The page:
Traditional diagnostic systems went beyond empirical evidence on the structure of mental health. Consequently, these diagnoses do not depict psychopathology accurately, and their validity in research and utility in clinical practice are therefore limited. The Hierarchical Taxonomy of Psychopathology (HiTOP) consortium proposed a model based on structural evidence. It addresses problems of diagnostic heterogeneity, comorbidity, and unreliability. We review the HiTOP model, supporting evidence, and conceptualization of psychopathology in this hierarchical dimensional framework. The system is not yet comprehensive, and we describe the processes for improving and expanding it. We summarize data on the ability of HiTOP to predict and explain etiology (genetic, environmental, and neurobiological), risk factors, outcomes, and treatment response. We describe progress in the development of HiTOP-based measures and in clinical implementation of the system. Finally, we review outstanding challenges and the research agenda. HiTOP is of practical utility already, and its ongoing development will produce a transformative map of psychopathology. Expected final online publication date for the Annual Review of Clinical Psychology, Volume 17 is May 2021. Please see http://www.annualreviews.org/page/journal/pubdates for revised estimates.
Network analysis is quickly gaining popularity in psychopathology research as a method that aims to reveal causal relationships among individual symptoms. To date, four main types of psychopathology networks have been proposed: (1) association networks, (2) regularized concentration networks, (3) relative importance networks, and (4) directed acyclic graphs. We examined the replicability of these analyses based on symptoms of major depression and generalized anxiety between and within two highly similar epidemiological samples (i.e., the National Comorbidity Survey – Replication [n = 9282] and the National Survey of Mental Health and Wellbeing [n = 8841]). While association networks were stable, the three other types of network analysis (i.e., the conditional independence networks) had poor replicability between and within methods and samples. The detailed aspects of the models—such as the estimation of specific edges and the centrality of individual nodes—were particularly unstable. For example, 44% of the symptoms were estimated as the “most influential” on at least one centrality index across the six conditional independence networks in the full samples, and only 13–21% of the edges were consistently estimated across these networks. One of the likely reasons for the instability of the networks is the predominance of measurement error in the assessment of individual symptoms. We discuss the implications of these findings for the growing field of psychopathology network research, and conclude that novel results originating from psychopathology networks should be held to higher standards of evidence before they are ready for dissemination or implementation in the field.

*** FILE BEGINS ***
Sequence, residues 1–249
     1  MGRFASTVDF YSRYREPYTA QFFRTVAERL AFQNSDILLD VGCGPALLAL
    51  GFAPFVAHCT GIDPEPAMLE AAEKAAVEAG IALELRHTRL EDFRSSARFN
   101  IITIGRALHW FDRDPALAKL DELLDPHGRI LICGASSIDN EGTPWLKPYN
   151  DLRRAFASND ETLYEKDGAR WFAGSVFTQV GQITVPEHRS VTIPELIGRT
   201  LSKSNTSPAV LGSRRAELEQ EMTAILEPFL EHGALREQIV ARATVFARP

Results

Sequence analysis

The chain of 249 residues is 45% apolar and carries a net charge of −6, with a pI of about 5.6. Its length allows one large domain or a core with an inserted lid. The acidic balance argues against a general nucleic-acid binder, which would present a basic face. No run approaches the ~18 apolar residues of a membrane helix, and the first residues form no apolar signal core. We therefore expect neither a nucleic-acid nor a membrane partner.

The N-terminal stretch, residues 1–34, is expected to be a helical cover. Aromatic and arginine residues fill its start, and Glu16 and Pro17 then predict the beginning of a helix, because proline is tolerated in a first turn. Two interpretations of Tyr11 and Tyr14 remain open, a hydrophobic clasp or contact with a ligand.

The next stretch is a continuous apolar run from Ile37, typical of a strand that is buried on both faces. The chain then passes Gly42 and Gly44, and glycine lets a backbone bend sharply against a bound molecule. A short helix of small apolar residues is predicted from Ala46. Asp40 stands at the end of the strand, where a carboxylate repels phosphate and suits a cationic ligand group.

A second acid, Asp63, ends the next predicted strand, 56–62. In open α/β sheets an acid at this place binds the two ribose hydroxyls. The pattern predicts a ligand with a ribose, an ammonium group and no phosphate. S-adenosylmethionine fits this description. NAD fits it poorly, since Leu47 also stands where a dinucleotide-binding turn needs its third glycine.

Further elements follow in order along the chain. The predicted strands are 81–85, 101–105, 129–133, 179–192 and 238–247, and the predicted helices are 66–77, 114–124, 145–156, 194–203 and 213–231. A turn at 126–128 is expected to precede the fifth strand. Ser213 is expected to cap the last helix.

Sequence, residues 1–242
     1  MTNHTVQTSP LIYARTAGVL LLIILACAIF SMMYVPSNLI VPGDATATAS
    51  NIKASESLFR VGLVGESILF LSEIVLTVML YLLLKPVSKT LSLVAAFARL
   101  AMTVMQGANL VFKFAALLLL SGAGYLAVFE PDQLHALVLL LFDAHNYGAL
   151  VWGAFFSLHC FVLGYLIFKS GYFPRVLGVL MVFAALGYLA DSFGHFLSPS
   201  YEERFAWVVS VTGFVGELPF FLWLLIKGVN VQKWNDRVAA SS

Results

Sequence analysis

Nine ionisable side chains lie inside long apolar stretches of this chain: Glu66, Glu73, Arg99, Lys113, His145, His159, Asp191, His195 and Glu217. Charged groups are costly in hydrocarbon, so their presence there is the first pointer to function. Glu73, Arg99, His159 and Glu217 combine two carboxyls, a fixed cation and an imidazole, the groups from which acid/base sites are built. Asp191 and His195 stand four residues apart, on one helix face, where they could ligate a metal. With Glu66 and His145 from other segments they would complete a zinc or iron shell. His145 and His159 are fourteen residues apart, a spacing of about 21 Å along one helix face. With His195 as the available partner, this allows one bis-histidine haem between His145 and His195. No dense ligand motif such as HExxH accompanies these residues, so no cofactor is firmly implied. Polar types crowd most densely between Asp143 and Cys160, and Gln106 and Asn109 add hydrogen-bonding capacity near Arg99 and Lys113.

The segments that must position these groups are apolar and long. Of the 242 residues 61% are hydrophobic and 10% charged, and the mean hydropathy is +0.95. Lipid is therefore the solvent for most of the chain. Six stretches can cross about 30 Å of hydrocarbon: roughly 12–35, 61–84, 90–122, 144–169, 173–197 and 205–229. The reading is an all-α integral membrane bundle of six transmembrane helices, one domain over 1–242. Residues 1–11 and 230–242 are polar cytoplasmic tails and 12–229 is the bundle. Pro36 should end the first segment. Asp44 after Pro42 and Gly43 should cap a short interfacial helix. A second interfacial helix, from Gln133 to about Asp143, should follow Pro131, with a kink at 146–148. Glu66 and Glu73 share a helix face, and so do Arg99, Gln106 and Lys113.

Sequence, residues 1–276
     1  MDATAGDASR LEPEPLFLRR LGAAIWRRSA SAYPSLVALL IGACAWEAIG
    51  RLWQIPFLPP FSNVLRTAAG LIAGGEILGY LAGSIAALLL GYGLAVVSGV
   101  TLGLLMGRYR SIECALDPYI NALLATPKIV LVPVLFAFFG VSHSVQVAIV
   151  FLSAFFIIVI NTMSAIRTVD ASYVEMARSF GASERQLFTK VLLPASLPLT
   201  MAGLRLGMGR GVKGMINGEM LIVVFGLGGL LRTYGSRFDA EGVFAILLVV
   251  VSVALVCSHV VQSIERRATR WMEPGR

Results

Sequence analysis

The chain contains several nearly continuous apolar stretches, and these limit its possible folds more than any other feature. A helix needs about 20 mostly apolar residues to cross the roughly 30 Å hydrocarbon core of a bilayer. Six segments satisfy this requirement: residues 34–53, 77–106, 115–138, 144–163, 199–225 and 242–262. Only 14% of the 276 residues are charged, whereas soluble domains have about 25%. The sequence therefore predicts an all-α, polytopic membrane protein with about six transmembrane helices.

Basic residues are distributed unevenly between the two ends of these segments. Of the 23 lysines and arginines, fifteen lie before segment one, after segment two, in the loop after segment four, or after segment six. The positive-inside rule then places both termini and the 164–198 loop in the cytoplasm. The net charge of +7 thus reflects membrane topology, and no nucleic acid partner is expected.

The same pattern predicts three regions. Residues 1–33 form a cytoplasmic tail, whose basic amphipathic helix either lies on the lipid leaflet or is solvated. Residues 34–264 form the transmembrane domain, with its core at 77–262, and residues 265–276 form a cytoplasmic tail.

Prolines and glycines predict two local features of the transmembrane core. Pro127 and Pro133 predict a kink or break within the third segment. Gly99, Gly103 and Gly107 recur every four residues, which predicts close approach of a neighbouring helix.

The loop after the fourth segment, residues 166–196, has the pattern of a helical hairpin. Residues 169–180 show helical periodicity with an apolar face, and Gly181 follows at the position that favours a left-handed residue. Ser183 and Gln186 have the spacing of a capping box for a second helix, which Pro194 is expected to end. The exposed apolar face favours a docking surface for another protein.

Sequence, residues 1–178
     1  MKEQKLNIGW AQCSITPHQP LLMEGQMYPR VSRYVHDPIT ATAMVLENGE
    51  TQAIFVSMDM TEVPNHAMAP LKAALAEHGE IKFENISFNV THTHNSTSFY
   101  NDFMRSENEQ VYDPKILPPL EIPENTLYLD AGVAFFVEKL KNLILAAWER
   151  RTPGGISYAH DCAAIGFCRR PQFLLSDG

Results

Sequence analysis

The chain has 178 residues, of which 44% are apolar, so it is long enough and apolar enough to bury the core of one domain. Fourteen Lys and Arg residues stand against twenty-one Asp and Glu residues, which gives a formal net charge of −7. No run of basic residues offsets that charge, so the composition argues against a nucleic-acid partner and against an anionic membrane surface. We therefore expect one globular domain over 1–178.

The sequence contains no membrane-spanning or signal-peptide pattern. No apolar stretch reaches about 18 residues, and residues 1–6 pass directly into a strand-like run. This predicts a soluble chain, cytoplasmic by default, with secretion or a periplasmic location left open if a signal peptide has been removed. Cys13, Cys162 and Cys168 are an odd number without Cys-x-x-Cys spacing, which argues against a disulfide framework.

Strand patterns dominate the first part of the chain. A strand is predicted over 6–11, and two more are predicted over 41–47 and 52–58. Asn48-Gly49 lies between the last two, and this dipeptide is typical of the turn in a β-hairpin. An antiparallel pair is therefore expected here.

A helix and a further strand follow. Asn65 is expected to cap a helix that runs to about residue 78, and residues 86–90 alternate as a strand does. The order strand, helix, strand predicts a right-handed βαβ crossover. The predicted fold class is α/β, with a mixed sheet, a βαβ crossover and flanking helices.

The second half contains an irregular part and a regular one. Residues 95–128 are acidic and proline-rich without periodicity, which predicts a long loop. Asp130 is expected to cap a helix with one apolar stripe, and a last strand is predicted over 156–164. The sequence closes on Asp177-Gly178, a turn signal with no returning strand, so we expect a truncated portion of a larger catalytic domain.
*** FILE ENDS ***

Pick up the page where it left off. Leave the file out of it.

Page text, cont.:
are acknowledged for their thoughtful feedback during the early stages of this project. Special thanks is also offered to Christian Luhmann for his valuable insight and constructive critiques of this work. Limited previews of this study's hypotheses and results were presented on two occasions. First, preliminary findings were discussed with HiTOP coauthors at the 2017 HiTOP meeting in Denver, Colorado. Second, some preliminary results were discussed in an APS conference presentation led by Roman Kotov. None of the results reported herein have been posted on any websites, listserves, or manuscript publications.
Diagnosis is a cornerstone of clinical practice for mental health care providers, yet traditional diagnostic systems have well-known shortcomings, including inadequate reliability in daily practice, high co-morbidity, and marked within-diagnosis heterogeneity. The Hierarchical Taxonomy of Psychopathology (HiTOP) is a data-driven, hierarchically based alternative to traditional classifications that conceptualizes psychopathology as a set of dimensions organized into increasingly broad, transdiagnostic spectra. Prior work has shown that using a dimension-based approach improves reliability and validity, but translating a model like HiTOP into a workable system that is useful for health care providers remains a major challenge. To this end, the present work outlines the HiTOP model and describes the core principles to guide its integration into clinical practice. We review potential advantages and limitations for clinical utility, including case conceptualization and treatment planning. We illustrate what a HiTOP approach might look like in practice relative to traditional nosology. Finally, we discuss common barriers to using HiTOP in real-world healthcare settings and how they can be addressed.